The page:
You may not be deportable for it right now because they haven't charged it, but it would bar you from cancellation of removal for lawful permanent residents, and it would bar you from asylum. And it might even bar you from a type of Torture Convention protection. But you haven't indicated any threat in those areas. Do you understand?
Yong said he did. The immigration judge then asked the government's attorney whether he had a “rap sheet” on Yong, and when the attorney confirmed that he did, the immigration judge enlisted Yong's help finding the possession for sales conviction on the rap sheet. When the government's attorney found the conviction, he said, “This is plainly different from the Orange County conviction, which was really the subject of our charge.” The attorney went on to describe the conviction included in the rap sheet.
Apparently, on July 28th of 2000, the defendant pled guilty to Count 1 of the charges against him at that time, which was a felony charge of possession of a controlled substance for sale under Section 11378 of the California Health and Safety Code. And he was convicted of that.
After confirming with Yong that this was the additional conviction that Yong had mentioned, the immigration judge concluded, “That is an aggravated felony․ Trafficking offense. So even though I haven't sustained the charge of deportability based on the 2005 conviction being an aggravated felony, that 2000 conviction would bar you from those forms of relief I told you about.” The government's attorney did not move the rap sheet into the record, nor was any more said about it at the hearing.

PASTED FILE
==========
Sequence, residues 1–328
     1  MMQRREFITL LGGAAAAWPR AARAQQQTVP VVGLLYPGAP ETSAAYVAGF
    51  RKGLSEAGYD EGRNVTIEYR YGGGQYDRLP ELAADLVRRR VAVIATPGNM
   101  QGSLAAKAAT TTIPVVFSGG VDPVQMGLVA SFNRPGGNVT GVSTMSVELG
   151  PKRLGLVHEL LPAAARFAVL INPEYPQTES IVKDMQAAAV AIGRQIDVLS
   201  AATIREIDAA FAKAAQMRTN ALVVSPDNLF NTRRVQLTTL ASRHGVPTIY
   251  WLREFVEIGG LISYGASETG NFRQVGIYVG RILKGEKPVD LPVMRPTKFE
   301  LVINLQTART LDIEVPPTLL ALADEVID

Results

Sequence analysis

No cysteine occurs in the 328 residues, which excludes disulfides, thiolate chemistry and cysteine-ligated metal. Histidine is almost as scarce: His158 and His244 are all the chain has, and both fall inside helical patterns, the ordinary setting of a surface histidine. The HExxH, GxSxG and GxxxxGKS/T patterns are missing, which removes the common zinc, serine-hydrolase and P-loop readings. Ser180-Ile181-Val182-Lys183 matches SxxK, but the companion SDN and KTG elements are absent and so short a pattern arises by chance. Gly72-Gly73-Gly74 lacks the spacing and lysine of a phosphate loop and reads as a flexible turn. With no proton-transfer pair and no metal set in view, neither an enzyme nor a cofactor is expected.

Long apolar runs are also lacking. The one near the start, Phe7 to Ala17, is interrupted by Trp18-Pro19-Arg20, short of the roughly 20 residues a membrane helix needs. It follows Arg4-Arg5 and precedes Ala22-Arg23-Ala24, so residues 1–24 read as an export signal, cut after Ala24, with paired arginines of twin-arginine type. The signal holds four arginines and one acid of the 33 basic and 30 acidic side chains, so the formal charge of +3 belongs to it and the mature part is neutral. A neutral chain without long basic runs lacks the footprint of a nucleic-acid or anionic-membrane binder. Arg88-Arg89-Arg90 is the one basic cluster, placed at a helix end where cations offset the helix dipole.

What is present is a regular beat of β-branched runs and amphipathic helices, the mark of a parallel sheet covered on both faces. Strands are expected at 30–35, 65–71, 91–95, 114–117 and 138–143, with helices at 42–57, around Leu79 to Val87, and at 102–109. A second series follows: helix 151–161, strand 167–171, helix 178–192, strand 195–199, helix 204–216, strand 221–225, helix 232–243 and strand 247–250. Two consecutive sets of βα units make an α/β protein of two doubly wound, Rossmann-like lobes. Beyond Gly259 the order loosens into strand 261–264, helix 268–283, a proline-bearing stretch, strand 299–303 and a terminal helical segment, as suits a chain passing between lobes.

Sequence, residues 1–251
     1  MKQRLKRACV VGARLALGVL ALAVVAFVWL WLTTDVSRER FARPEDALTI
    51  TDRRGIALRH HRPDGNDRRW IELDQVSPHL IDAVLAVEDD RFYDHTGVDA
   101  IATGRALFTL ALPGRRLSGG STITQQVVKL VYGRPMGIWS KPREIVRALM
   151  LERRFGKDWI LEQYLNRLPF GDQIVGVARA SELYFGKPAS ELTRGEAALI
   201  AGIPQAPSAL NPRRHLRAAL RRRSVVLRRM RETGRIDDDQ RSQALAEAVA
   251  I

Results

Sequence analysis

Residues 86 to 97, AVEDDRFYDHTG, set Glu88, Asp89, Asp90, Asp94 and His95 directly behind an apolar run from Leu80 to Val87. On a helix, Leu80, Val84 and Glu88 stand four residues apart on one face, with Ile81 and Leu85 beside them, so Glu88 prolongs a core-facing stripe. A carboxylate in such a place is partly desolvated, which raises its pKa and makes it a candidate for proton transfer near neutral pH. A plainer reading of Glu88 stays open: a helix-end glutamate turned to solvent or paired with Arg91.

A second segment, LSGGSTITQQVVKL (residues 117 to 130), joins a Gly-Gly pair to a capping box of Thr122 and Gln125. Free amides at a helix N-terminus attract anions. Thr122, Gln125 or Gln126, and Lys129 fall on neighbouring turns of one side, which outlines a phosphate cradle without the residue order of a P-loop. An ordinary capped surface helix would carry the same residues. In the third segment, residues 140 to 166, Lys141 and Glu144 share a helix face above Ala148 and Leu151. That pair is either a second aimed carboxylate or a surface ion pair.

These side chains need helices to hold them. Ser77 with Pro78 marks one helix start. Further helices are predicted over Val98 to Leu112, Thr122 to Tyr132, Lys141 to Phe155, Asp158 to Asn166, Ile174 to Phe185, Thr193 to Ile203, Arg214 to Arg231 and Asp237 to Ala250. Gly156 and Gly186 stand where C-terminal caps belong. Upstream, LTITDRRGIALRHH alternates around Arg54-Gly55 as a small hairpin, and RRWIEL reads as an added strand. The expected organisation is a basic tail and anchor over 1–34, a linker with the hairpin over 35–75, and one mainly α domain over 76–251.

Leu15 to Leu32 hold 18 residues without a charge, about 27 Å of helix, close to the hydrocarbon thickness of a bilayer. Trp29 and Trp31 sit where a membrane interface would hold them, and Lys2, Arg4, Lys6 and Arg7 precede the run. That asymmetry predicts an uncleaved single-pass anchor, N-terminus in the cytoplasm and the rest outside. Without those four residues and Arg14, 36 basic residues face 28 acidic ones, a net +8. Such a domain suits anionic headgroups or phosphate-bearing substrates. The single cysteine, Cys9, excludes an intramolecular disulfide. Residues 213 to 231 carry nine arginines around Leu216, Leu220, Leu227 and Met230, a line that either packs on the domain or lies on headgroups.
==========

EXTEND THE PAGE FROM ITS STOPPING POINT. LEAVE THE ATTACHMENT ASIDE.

The immigration judge concluded the hearing by explaining that “based on what we've discussed, I will find that you are subject to removal today on the controlled substance ground. And based upon the discussions we've had, your July 28th, 2000 conviction for possession for sale, coupled with what you've told me, you don't qualify for any relief.”
The immigration judge's written order, entered the same day, stated that “[u]pon the basis of respondent's admissions, I have determined that the respondent is subject to removal on the charge(s) in the Notice to Appear.” The order made no mention at all of the Section 11378 conviction, however, which Yong had helped identify in the rap sheet. Nor did the order explain that the immigration judge had found Yong ineligible for relief from removal based on his conclusion that the Section 11378 conviction was an aggravated felony. Instead, the order stated only that “Respondent has made no application for relief from removal.”